Jerome Robbins’ “The Goldberg Variations” is several ballets packed in one. The busy work, performed by New York City Ballet at the Saratoga Performing Arts Center on Tuesday night, is an ode to the Bach music as well as its era.
But a word of caution — this is a long ballet running more than an hour. And if one is not in love with the music and its endless twists on its theme, the ballet seems eternal. Actually, the music, as played by Cameron Grant, outshines the dance. But, there is enough going on to keep the viewer awake.
In the introduction to the theme, Robbins’ put the focus on the baroque style of dance. Kaitlyn Gilliland and Jason Fowler are dressed in the appropriate period garb. They walk quietly, their lovely carriages raised as they circle and bow to each other. The tone is decidedly formal. And the couple gives way for the first round of variations.
Robbins strips the lace collars and britches for a pared down look. The men are in tights and t-shirts, the women in leotards and short skirts.
And while the look is sleek, Robbins expounds on the ceremonial movement. Of the six main dancers in the first section, Tyler Angle stands out for his chipper persona. By contrast is Megan Fairchild who is pensive. She has a depth of in her interpretations that surrounds her with an alluring force field.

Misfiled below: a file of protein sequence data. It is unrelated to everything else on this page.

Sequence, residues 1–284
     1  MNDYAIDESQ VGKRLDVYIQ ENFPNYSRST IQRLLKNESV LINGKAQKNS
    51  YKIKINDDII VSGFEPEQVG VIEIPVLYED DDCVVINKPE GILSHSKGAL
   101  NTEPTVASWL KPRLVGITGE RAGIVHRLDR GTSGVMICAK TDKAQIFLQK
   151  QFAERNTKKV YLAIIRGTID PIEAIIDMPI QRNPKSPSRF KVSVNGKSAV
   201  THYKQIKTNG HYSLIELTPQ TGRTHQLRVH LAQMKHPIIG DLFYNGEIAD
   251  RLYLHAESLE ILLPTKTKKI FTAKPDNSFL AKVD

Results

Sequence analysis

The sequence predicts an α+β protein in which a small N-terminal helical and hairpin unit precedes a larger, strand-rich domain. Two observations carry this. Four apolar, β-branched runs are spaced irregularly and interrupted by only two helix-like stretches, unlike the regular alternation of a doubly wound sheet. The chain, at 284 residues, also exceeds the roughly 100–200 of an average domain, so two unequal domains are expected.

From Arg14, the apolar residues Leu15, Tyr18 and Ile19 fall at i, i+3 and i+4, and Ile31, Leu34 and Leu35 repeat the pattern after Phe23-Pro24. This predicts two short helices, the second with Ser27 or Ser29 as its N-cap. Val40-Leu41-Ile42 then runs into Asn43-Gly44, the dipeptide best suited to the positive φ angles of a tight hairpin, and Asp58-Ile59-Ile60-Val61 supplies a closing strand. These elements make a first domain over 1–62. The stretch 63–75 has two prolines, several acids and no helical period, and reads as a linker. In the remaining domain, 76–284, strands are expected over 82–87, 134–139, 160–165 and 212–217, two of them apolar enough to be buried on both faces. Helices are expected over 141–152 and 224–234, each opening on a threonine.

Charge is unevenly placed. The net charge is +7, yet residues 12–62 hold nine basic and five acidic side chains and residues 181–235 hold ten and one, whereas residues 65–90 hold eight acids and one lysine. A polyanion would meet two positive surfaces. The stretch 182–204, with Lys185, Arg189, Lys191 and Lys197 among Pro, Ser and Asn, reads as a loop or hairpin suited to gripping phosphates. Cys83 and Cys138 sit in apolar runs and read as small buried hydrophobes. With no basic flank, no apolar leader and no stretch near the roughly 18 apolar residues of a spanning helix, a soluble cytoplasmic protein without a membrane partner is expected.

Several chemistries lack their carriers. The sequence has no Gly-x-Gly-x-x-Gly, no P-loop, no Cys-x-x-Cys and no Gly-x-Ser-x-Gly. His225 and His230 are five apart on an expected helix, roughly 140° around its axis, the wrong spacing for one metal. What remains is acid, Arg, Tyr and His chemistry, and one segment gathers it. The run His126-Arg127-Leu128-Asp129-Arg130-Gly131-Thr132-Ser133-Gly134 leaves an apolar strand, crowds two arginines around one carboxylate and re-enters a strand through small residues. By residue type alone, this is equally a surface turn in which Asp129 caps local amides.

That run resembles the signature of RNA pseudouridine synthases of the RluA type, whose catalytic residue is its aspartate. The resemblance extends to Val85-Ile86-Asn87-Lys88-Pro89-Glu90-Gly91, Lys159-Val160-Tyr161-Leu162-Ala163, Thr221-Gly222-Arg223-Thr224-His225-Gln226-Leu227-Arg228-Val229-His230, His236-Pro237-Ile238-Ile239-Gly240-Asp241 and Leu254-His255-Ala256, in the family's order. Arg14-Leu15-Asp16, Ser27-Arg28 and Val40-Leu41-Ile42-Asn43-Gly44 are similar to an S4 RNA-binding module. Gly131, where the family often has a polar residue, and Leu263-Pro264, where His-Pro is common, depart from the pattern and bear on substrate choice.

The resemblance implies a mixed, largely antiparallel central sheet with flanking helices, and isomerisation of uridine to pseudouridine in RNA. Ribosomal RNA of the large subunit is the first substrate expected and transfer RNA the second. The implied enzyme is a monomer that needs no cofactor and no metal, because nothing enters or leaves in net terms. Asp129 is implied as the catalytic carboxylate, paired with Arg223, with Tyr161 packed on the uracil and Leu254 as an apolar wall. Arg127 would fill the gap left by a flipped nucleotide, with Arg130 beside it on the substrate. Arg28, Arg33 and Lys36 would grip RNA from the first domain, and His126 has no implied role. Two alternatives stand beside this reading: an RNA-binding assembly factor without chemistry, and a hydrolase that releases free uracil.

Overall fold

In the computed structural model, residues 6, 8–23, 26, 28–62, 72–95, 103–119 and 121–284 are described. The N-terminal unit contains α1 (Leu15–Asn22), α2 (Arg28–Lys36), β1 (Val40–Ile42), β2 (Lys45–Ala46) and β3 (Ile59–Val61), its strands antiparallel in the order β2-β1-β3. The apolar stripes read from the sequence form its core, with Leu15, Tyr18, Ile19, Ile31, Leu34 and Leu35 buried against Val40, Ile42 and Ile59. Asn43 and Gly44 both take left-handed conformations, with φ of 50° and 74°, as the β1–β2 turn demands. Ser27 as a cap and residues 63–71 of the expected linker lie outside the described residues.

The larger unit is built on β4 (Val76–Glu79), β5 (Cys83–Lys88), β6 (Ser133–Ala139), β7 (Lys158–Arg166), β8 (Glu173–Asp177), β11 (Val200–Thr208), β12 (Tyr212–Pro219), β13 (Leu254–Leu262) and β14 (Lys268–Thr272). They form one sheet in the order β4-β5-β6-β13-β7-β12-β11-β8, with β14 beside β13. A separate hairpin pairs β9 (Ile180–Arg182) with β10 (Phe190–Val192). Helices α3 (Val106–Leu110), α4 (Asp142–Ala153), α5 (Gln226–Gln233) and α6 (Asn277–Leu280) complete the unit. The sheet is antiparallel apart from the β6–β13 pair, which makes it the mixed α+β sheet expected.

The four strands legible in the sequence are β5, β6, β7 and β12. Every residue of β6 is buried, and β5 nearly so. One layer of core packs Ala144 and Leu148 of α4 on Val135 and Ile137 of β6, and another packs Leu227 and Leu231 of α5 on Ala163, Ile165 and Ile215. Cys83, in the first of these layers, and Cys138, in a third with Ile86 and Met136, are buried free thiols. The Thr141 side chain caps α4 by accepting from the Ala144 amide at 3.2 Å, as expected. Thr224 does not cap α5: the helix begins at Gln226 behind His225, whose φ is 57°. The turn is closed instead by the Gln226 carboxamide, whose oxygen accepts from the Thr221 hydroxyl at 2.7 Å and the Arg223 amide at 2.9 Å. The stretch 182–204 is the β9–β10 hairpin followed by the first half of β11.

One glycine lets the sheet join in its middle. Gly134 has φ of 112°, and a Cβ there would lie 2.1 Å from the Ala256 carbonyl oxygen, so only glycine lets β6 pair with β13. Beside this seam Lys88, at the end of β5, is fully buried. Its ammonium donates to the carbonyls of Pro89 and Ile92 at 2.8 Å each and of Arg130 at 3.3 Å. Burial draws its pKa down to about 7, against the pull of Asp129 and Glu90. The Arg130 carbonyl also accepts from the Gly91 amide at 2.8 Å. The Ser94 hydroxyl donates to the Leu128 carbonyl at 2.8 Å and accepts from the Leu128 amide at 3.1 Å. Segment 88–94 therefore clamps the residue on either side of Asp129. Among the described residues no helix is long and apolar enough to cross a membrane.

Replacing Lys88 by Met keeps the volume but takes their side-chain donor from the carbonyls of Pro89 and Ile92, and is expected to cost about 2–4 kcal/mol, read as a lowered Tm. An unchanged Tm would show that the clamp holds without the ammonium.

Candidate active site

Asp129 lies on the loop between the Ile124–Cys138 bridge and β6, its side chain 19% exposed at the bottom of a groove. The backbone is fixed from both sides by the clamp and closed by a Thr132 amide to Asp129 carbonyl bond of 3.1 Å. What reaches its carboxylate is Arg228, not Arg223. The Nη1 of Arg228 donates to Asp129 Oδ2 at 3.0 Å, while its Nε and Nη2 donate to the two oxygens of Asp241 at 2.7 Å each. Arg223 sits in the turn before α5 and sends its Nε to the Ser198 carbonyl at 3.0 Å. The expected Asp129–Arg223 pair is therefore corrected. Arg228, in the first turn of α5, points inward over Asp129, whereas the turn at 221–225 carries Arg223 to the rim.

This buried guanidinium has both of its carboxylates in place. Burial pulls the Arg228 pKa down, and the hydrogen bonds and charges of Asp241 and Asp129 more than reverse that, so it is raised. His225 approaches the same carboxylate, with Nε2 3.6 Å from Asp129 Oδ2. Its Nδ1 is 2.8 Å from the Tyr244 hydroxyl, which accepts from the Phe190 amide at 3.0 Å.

Fairchild glides over the music; Abi Stafford too. Adam Hendrickson looks like he could be dancing to anything, however. The music doesn’t marinate for him.
Andrew Veyette, on the other hand, looks sharp and clean. He is frisky, having merry time with Angle, Hendrickson and Amar Ramasar as they cartwheel, tumble and jump over each other as they roll on the floor.
While there is a lot of humor, the dance remains impersonal. In Part II, that changes. The couples hone into each other and the pairings become familiar.
The second half begins with a corps de ballet procession ushering in the three couples like they are royalty. Wendy Whelan and Benjamin Millepied perform a silly little duet. Rebecca Krohn is fluid and sensuous in the hands of Jared Angle. But the best couple is Sara Mearns and Philip Neal. Their romantic pas de deux is all the more affecting as Neal’s approach is genuine. He is at the point in his career in which he is completely free and it’s liberating to watch.
“The Goldberg Variations” ends with the cast returning to the stage in full baroque regalia. The dancers bow to the pianist and then the audience for a flashy, but courtly finale. It wraps up the tone of the music beautifully.
Tuesday’s program also featured Robbins’ collaborative effort with Twyla Tharp, “Brahms/Handel.” Stafford, Whelan and Veyette return, along with Gonzalo Garcia, for this unwieldy ballet that looks like torture for the women.
That’s because they are tossed and thrown upside-down in all sorts of dangerous manner. Maybe the two great choreographers were trying to outdo each other. It’s unclear. But certainly, “Brahms/Handel” is a nail-biter for audiences and dancers alike.